At Johns Manville, we’re more than just a manufacturer. We want to help those who use our products any way we can. So, when you have a question, we’re not only going to respond, but we’re going to get our product experts to give you the best answer possible. We recently received the following question from one of our customers:
"What’s JM’s recommendation for wet unfaced insulation after being saturated with water? What effects does the water have on R-value and the product performance? I read online that it leads to a 40% loss of R-value—is that right?”
JM Unfaced Formaldehyde-free™ fiberglass insulation offers R-values ranging from R-11 to R-38, as well as effective thermal and noise control. But what do you do if it gets wet? Well, it depends. If the product was saturated due to flooding, the product must be replaced since it will have been contaminated with dirt and other foreign materials that can provide a food source for mold. If it gets wet by fresh water, just dry it out. If the insulation is allowed to completely dry and retains its previous thickness, the product will keep its thermal and acoustical properties.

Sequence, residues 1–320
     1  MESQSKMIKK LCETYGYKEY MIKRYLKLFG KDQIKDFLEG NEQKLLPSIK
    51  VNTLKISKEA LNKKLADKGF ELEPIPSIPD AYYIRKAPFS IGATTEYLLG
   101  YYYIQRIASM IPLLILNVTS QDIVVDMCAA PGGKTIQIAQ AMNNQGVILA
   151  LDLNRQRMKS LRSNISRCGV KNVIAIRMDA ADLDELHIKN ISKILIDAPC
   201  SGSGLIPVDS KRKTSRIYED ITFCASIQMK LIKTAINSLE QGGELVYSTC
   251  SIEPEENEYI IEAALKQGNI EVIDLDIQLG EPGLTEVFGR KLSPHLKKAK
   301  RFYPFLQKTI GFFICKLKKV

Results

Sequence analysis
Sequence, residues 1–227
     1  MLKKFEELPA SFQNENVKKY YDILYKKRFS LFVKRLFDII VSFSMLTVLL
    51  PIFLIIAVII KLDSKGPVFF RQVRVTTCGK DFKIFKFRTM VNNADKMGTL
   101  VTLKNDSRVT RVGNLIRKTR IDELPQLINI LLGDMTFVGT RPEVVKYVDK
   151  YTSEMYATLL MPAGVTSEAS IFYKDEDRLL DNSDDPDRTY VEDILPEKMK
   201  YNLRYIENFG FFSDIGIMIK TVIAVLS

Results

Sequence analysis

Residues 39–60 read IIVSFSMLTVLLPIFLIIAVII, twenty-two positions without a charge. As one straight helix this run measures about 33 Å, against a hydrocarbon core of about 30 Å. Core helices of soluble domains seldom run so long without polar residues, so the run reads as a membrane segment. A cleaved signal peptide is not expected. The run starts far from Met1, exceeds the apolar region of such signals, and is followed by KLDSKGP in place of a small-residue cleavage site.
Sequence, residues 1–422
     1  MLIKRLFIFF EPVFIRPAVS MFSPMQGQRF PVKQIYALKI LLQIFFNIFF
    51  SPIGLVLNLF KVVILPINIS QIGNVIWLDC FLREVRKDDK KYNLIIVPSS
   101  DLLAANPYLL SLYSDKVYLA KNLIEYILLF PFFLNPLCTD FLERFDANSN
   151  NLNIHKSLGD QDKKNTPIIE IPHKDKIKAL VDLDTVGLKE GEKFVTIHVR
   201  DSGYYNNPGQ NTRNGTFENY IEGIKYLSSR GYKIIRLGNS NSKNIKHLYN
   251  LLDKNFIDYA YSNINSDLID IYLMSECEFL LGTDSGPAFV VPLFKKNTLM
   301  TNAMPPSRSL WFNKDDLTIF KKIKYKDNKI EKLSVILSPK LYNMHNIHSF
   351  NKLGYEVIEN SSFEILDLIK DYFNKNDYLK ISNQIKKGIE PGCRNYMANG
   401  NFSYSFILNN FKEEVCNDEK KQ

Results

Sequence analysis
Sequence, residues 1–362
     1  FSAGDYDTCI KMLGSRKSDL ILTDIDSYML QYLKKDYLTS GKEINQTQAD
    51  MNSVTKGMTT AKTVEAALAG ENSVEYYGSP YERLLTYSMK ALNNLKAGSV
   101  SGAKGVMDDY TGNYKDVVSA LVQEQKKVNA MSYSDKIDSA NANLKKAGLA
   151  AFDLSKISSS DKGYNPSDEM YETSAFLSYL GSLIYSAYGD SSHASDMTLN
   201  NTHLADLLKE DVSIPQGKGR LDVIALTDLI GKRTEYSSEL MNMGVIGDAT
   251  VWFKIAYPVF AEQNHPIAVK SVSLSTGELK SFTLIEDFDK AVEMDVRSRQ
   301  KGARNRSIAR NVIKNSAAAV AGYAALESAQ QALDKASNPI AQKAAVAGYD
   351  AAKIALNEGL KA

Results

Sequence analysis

Drying your insulation isn’t hard to do at all—in fact, it’s kind of a “set-it-and-forget-it” process. The first step is to remove the insulation for an overall assessment while allowing the framing to dry—just be sure to use the right protection (safety glasses, gloves, and long sleeves) since you’re dealing with fiberglass. The easiest way to dry out your insulation is to use fans and a dehumidifier. Simply place the dehumidifier and fans near the removed insulation, turn them on and dry. You can even put the insulation in the sunlight or a warm/dry area. Keep checking back now and then to see if the water is evaporating out, and when it’s dry, you’re set. After reinstalling the insulation, reexamine it in a few weeks to make sure there’s not a musty/moldy smell. If there is, you’re going to have to replace it. If not, you’re good to go.
When it comes to wet fiberglass insulation, it’s possible to dry it out. The R-value won’t degrade and as long as your insulation wasn’t contaminated with flood water, you’ll be safe. When in doubt, dry it out!
Come back soon to read more about other DIY tips and tricks for your home.